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A Very Tattler Thanksgiving

Why the most inclusive of celebrations should be every American Jew’s favorite holiday

Rachel Shukert
November 16, 2012
Collage Tablet Magazine; original images Shutterstock
Collage Tablet Magazine; original images Shutterstock
Collage Tablet Magazine; original images Shutterstock
Collage Tablet Magazine; original images Shutterstock

They tried to kill us, they failed, let’s eat.

Passed down through generations of wisecracking uncles and joke-aggregation emails forwarded by that lady with the male-pattern baldness who plays tennis with your mom, it’s the standard template for nearly every Jewish holiday; an omnipresent reminder that, to paraphrase David Mamet, the world hates the Jews, the world has always done and will continue to do so, yet we will live to eat brisket another day.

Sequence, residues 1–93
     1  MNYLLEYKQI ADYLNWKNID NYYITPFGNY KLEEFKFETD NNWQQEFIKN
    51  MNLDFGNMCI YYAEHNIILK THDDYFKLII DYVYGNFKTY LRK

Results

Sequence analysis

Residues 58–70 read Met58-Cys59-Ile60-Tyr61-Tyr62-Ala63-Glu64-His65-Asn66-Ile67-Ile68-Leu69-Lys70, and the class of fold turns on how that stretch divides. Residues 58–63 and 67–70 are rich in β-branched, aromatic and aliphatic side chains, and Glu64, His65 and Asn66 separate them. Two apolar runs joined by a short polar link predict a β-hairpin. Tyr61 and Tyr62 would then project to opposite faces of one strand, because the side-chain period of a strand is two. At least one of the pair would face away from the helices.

There’s nothing wrong with this narrative—what could be more life-affirming than dodged annihilation followed up by acute gastrointestinal distress? The problem with celebrating Jewish holidays is that the celebrations themselves often are not very celebratory. The envy my non-Jewish friends felt for all the days of school I was allowed to miss at the beginning of the year dissipated when they realized those days were spent in synagogue. The feasting might be nice, but for the more than mildly observant, the multitude of prohibitions about how and when the meal can be cooked and consumed turns its very preparation into what seems like a particularly sadistic challenge from Top Chef. (PADMA: Your challenge is to make whatever you want for dinner, but you can’t turn the oven on, or buy anything that day, and you have to use 17 different sets of plates and make sure nothing that isn’t supposed to touch touches and you can’t mix milk with meat, including poultry, even though you can’t milk a chicken. Good luck! The meal also requires hours of prayers/being yelled at by your older relatives before it can commence.